In November 1860, Abraham Lincoln was elected president of the United States. By the time he turned 52, on February 12, 1861, the Union was crumbling. The day of his inauguration, March 4, had yet to arrive. Continue reading
The winter of 1856 was one of the coldest in the nineteenth century. It was so cold that the Ohio River froze solid from bank to bank, creating a path for southern slaves to escape, just as Harriet Beecher Stove had envisioned in Uncle Tom’s Cabin two years before. Elsewhere, the long stretches of cold weather created favorable conditions for Americans’ new favorite pastime, ice-skating, then enjoying great burst of popularity.
This scene, of city-dwellers crowding the ice on the Delaware River in Philadelphia, furnishes a gauge of the strength of the trend. For though ice skating had been practiced for centuries, until 1850, skate blades were crafted only of wood or bone. A Philadelphia businessman, Edward W Bushnell, is credited with revolutionizing the sport of skating, by being the first to manufacture a blade of steel. Strapped and clamped to the bottoms of shoes, the sharp metal blades gave skaters unprecedented speed and control.
The excitement was considerable as the innovation took hold. The Quakers of Philadelphia had always carried on their hereditary skating traditions, but steel skates led to many novelties. By the time lithographer James Fuller Queen captured this scene, many men and boys had paid up for the new skates, which were very expensive at $30 a pair. Most of the ladies and townspeople pictured are spectators only, standing still as bold skaters thread their way through the crowd.
According to John Frederick Lewis, author of Skating and the Philadelphia Skating Club (1895), a Miss Van Dyke, daughter of James C Van Dyke, US attorney for Philadelphia, was the first woman in Philadelphia to appear on skates; she “rapidly became skillful and expert” in 1854. Other ladies followed her lead, making skating fashionable, once concerns about safety and possible harassment from ruffians had been cleared away.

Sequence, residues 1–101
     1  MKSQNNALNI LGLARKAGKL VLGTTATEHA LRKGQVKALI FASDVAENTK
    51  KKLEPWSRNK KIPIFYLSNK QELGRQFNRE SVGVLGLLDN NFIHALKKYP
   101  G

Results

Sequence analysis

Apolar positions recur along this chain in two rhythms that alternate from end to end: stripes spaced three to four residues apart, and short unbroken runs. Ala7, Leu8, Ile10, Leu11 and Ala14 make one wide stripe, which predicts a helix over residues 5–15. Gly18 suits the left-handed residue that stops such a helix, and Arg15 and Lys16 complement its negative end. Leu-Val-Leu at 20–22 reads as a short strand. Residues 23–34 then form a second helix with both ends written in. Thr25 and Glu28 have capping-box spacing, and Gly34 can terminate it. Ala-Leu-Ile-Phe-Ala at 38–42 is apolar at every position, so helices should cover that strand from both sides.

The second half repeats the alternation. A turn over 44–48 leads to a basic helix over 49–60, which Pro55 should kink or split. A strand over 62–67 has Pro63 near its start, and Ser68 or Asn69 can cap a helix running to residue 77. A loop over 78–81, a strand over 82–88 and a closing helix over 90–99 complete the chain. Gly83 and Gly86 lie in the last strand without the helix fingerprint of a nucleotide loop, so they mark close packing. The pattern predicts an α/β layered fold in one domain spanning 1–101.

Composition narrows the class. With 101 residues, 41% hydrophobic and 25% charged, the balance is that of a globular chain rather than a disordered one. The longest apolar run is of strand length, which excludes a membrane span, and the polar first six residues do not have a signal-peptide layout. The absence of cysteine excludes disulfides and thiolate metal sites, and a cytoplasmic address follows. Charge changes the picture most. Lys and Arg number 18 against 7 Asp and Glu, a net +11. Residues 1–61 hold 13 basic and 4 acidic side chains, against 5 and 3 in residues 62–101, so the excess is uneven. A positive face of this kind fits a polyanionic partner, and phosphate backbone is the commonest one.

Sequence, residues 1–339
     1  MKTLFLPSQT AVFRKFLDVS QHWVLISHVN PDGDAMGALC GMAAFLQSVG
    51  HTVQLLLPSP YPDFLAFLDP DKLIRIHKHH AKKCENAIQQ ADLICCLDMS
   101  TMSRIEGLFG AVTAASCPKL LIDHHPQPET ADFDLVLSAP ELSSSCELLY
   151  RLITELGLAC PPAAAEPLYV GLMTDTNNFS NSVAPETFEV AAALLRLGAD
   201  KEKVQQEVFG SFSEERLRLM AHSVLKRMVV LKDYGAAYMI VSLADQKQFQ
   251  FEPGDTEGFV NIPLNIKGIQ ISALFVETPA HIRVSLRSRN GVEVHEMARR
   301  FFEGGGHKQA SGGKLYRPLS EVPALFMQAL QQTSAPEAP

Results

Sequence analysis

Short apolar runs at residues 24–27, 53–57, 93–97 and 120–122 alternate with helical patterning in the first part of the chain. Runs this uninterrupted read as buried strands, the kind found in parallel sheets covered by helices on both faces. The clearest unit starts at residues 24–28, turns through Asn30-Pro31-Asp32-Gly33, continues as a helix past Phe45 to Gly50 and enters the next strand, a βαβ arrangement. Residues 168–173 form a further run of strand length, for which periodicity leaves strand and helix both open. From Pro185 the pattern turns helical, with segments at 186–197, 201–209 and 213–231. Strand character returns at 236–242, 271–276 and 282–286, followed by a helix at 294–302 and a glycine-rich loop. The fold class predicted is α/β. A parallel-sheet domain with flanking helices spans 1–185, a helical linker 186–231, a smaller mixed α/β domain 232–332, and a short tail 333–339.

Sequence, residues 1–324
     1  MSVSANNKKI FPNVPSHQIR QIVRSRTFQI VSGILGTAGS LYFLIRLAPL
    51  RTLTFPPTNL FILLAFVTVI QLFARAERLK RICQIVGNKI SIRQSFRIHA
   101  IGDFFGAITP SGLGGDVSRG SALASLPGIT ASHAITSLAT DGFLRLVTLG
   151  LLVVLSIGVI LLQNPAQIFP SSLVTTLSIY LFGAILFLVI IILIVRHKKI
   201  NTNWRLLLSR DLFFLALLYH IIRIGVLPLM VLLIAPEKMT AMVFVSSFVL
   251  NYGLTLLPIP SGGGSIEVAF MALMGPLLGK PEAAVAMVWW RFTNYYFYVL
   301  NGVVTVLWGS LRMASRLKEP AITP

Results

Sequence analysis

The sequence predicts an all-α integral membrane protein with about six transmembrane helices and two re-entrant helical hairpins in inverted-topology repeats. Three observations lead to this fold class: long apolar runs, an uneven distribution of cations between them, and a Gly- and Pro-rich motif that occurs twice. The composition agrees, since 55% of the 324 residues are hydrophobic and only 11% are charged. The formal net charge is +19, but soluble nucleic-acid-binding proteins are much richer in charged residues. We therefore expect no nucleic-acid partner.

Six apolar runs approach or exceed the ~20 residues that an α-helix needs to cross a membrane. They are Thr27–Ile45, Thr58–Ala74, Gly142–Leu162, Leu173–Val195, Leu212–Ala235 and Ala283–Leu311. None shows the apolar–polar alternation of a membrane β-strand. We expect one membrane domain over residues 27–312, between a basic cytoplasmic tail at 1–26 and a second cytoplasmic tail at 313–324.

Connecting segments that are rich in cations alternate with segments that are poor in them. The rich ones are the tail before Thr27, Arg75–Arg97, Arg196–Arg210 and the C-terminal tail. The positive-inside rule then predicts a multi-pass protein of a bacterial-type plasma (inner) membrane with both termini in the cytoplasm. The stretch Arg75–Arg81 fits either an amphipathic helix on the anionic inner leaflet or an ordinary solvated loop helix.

Image: from this source.
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This is the third in an occasional series on ice-skating. Click here to go to the first post.
On this day, many nations pause to remember their war dead, the soldiers who have served and fallen, especially those who served in World War One.
What the US celebrates as Veterans Day began as a peace celebration on November 11, 1918, with the end of the pitiless conflict known as World War One. The announcement that the war had ended with the signing of a multinational peace agreement, or Armistice, triggered massive spontaneous jubilees in many places worldwide. In Europe, the States, Canada, even New Zealand and Australia, vast crowds gathered in the ceremonial centers of cities to cheer the end of a struggle that had cost the warring nations many millions of lives.
This marvelous photograph shows Philadelphians celebrating the word of peace that day. Horrible as the war was, the photograph conveys a feeling of pride, even as it commemorates a sort of war unfamiliar to us today. For World War One had a definite beginning and end. When the United States entered the war on 4 April 1917, it was with a formal declaration of war from Congress. President Woodrow Wilson had struggled to maintain a stance of neutrality toward the war for the previous two-and-a-half years, during which time public sentiment in favor of the war had gradually built.
Once the US had entered the war, there was a draft. Over a million men were mobilized. By the end of the war, 18 months later, American forces had suffered some 320,000 casualties, the majority being wounded, with tens of thousands being lost to death and disease. Being at war demanded something from all society, taxing the economy to its limits and requiring sacrifice on the part of civilians, as the signs around the Philadelphia square suggest.
Hence the massive outpouring of joy when the war reached a definite end, and the blessed condition known as peace was attained for a time.
Image courtesy of the Library Company of Philadelphia. Click on the image to go to the source.